Saturday, September 23, 2023

"Passage" by Exposed Brick Theatre and Pillsbury House + Theatre

Two theater companies are joining forces to bring us Passage by Christopher Chen, loosely based on the 1924 novel A Passage to India. The central question is: is it possible for two people to be friends when one is a citizen of a colonized country and the other is one of the colonizers? Colonization has been a part of world history for hundreds, even thousands, of years, but awareness and discussion of its injustices has never been at a higher level. This play puts a human face on the sometimes abstract issue, and places the audience squarely in the shoes of both the colonized and the colonizers. For more on how this collaboration between Exposed Brick Theatre and Pillsbury House + Theatre came to be, listen to episode 2.3 of the Twin Cities Theater Bloggers' podcast Twin Cities Theater Chat, in which my blogger friends from Minnesota Theater Love and I interview the co-directors of this piece, longtime friends and synchronized swimming teammates Signe V. Harriday (Pillsbury House's Artistic Director) and Suzy Messerole (co-Artistic Director of Exposed Brick). Then get your tickets and head to "the jewel of South Minneapolis" to see this thought-provoking and engaging play.

The playwright has taken the story out of India and set it in an unnamed country, referred to as Country X, which is currently colonized by Country Y. Which means that it could be anywhere, at any time in history. The characters are also referred to by letters, which means any one of them could be any one of us. A group of friends from Country X discuss the question of friendship between a Country X-er and a County Y-er, with some coming down on either side of the argument. The theoretical question is put to the test when a successful Country X doctor becomes friendly with a couple of Country Y-ers, goes on a trip to the local caves, and is falsely accused of a crime. Things get real, and perspectives shift, as that friendship seems next to impossible. We're not shown the resolution of the events, but left to ponder the ideas ourselves.

the cast of Passage (photo courtesy of the theaters)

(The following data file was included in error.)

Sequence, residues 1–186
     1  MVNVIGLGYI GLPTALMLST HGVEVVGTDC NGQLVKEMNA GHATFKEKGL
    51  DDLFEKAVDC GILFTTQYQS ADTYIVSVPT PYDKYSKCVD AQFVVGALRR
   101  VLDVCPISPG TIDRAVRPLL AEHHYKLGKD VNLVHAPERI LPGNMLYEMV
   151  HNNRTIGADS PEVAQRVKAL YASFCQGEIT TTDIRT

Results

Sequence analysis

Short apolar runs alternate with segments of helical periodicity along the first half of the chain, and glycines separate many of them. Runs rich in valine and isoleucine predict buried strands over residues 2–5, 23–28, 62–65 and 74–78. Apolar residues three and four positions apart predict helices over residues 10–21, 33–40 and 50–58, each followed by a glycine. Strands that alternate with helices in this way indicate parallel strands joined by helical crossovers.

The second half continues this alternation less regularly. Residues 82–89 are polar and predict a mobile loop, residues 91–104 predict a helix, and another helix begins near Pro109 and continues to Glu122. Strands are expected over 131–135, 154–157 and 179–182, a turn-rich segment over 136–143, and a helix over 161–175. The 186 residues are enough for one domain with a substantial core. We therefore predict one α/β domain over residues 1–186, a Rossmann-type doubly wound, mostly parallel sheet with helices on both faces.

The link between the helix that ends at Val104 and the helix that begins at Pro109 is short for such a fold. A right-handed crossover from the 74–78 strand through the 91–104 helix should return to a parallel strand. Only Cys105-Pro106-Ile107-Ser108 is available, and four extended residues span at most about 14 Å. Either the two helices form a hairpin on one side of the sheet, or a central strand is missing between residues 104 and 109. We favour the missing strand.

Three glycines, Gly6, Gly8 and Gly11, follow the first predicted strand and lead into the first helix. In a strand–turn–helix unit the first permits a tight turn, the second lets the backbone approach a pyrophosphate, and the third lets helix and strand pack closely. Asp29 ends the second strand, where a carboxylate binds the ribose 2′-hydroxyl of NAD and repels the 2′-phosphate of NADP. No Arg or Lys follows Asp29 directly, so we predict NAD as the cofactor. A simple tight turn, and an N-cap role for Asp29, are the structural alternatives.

A really neat and unique feature of this play is that it starts out with the talented cast (Aamera Siddiqui, Alex Hathaway, Antonio Rios-Luna, Clay Man Soo, James A. Williams aka J Dub, Marisa B. Tejeda, Oogie Push, and Valencia Proctor) introducing themselves, where they're from, and where they live. Things start off casually, so we feel like we know them a little before they get into character and begin the story. Then about halfway through the 110-minute intermission-less play, we take a little break and the incomparable J Dub (from whence comes the above quote about PHT being "the jewel of South Minneapolis") checks in to see how we're feeling. This makes it feel like we're all in this together, increasing that feeling of community and communion often present in theater. But once the story starts, the cast is all in, and they're all so believable in telling this story (some of them playing multiple characters). As Suzy and Signe told us in the podcast, they intentionally cast all actors of color, to remove race from the equation, since historically predominantly White countries have been the colonizers. They wanted to remove those expected assumptions, and it works.

photo courtesy of the theaters
The seemingly sparse and simple set opens to reveal more details, with the wide central arch splitting into two huge doors that open into the space Multi-level platforms on either side contain drawers and compartments in which props and set pieces are stashed. A large platform, folding chairs, and benches are moved around to create different spaces, everything in muted shades of gray. The cast is dressed in neutral tunics and pants, over which jackets, vests, or other pieces are added. I asked in the podcast interview how we would be able to tell Country X from Country Y, if some actors are playing multiple characters and moving back and forth. I needn't have worried; the color schemes of the costumes (blues for X, reds for Y) make that clear. Also, Country X people occasionally use hand gestures for certain words, subtly alluding to the fact that maybe they speak a different language than Country Y. (Scenic design by Mina Kinukawa, costume design by Sonya Berlovitz.)

Exposed Brick is a relatively new theater for me, but I've been attending shows at Pillsbury House + Theatre for years (if you're curious what that + means, listen to our podcast!). Two things I love about them: their work is always meaningful and deals with important and relevant issues, but is still compelling and entertaining theater. And they have the best talk-backs in town, with representatives from related community organizations involved so that the discussion is about more than just the play, but how it relates to our world. I encourage you to see the show on talk-back days - Oct. 1 (Million Artist Movement), Oct. 6 (The Native Youth Arts Collective), or Oct. 13 (AshaUSA).

Passage continues Thursdays through Sundays until October 15 (note the 7pm start time for evening performances).